From floods in Pakistan to droughts in China and tornadoes in the U.S., the past few years have seen numerous deadly extreme weather events. A team of climate scientists at the Potsdam Institute for Climate Impact Research in Germany laid the blame for the increased frequency of disasters on a warming climate.
"The question is whether these weather extremes are coincidental or a result of climate change," said Dim Coumou, lead author of the Potsdam Institute's analysis, in a press release. "Global warming can generally not be proven to cause individual extreme events -– but in the sum of events the link to climate change becomes clear."
"It is not a question of yes or no, but a question of probabilities," said Coumou.
"It's like a game with loaded dice," he reported in the journal Nature Climate Change. "A six can appear every now and then, and you never know when it happens. But now it appears much more often, because we have changed the dice."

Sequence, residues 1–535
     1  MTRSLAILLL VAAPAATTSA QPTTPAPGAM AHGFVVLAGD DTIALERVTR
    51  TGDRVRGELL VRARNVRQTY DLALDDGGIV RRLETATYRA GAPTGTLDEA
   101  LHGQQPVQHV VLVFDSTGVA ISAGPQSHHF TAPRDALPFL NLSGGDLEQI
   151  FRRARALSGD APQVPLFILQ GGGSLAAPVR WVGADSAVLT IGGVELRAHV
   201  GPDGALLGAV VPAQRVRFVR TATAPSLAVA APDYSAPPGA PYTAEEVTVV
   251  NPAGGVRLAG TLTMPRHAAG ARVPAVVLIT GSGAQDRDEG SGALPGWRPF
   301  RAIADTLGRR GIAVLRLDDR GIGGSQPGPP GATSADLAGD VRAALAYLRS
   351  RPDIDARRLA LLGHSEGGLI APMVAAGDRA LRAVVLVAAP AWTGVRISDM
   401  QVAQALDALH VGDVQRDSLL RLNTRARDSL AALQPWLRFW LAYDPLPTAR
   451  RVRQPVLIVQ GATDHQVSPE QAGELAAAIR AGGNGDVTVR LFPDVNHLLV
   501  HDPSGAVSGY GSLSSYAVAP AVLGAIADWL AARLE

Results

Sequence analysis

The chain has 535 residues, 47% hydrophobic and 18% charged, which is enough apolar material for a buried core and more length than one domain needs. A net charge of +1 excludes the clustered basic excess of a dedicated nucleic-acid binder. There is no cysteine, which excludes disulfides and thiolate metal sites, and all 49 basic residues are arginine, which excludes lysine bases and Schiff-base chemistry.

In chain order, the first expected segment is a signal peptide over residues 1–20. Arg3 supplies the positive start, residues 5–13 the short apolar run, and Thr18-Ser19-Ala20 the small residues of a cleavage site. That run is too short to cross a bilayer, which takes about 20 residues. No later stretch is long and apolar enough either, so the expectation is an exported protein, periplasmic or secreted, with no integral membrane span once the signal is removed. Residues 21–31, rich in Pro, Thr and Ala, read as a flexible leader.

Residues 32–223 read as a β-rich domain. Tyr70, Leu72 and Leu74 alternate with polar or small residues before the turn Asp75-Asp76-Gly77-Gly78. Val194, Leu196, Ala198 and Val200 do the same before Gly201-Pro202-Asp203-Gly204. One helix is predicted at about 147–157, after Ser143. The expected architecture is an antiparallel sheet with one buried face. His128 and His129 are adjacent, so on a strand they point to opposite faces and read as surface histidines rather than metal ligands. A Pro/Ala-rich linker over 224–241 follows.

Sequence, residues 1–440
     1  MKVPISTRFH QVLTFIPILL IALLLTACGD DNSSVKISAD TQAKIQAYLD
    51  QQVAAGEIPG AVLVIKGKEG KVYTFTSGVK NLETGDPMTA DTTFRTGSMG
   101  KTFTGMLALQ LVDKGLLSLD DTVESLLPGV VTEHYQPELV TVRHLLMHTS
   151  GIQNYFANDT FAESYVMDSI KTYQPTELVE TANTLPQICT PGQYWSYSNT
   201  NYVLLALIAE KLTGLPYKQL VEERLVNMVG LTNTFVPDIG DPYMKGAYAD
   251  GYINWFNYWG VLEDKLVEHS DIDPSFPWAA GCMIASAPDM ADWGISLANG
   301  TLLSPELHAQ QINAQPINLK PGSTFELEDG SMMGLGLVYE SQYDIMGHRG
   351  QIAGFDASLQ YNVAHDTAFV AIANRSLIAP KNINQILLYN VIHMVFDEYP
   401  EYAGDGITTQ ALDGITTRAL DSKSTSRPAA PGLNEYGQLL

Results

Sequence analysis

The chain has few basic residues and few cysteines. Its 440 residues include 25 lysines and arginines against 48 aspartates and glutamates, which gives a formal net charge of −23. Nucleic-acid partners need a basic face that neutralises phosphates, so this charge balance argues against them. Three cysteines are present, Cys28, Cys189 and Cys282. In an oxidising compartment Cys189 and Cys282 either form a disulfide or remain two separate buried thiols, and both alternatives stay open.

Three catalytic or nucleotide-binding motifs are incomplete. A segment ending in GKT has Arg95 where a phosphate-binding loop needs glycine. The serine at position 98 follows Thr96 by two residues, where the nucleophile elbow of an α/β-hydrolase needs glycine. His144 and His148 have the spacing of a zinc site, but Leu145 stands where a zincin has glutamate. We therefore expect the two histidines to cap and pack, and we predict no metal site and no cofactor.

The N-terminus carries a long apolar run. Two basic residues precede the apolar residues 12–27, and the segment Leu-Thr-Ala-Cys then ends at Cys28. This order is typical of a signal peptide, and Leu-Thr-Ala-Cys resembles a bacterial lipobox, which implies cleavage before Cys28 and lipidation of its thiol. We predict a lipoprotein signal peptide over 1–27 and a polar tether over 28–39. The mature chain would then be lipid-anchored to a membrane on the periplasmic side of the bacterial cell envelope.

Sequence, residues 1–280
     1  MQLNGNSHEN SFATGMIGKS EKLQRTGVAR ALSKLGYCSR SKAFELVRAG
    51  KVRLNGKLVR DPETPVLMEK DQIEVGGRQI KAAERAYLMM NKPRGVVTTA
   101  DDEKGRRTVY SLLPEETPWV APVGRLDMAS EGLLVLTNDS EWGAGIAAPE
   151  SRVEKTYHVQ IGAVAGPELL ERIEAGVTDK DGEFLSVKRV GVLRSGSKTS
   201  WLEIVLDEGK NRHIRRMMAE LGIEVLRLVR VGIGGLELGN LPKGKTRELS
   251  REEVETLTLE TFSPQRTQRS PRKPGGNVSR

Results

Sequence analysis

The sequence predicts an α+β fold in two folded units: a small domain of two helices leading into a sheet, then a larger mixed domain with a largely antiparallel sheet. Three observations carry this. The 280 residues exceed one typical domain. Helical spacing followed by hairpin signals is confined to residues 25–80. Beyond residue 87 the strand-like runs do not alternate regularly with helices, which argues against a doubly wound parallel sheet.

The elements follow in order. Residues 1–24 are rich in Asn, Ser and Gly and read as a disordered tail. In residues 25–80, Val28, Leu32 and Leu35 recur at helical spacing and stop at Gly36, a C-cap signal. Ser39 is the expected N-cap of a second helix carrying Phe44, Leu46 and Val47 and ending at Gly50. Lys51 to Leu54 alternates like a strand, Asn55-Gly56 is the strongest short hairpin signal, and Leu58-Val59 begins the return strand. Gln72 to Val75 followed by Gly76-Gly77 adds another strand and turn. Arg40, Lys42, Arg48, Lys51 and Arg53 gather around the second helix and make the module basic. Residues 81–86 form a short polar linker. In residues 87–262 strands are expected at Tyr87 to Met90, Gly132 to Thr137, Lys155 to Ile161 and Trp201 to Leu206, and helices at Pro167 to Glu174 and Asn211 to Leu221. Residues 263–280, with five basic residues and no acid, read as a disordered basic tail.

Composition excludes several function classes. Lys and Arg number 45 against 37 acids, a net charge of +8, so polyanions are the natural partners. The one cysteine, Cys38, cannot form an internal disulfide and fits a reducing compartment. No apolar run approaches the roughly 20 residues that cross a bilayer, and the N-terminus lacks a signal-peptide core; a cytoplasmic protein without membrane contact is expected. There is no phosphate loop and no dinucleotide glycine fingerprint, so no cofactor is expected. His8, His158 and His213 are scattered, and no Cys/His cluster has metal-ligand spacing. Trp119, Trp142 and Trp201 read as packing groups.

The climatologists' analysis started with some basic physics. Warm air holds more water and carries the potential to pack a more ferocious punch when a storm forms. Statistical trends in temperature and precipitation records showed the scientists that a warmer climate was indeed associated with more intense storms and extreme droughts. Computer simulations also reflected the connection between storms and climate change.
"Single weather extremes are often related to regional processes, like a blocking high pressure system or natural phenomena like El Niño," said article co-author Stefan Rahmstorf. "These are complex processes that we are investigating further. But now these processes unfold against the background of climatic warming.”
“That can turn an extreme event into a record-breaking event," said Rahmstorf.
Photo: Chief Yeoman Mike Shea helps a crane operator move a wrecked vehicle during tornado clean-up efforts in Joplin, Mo. Credit: Wikimedia Commons, U.S. Navy photo by Lt. j.g. Ryan Sullivan/Released.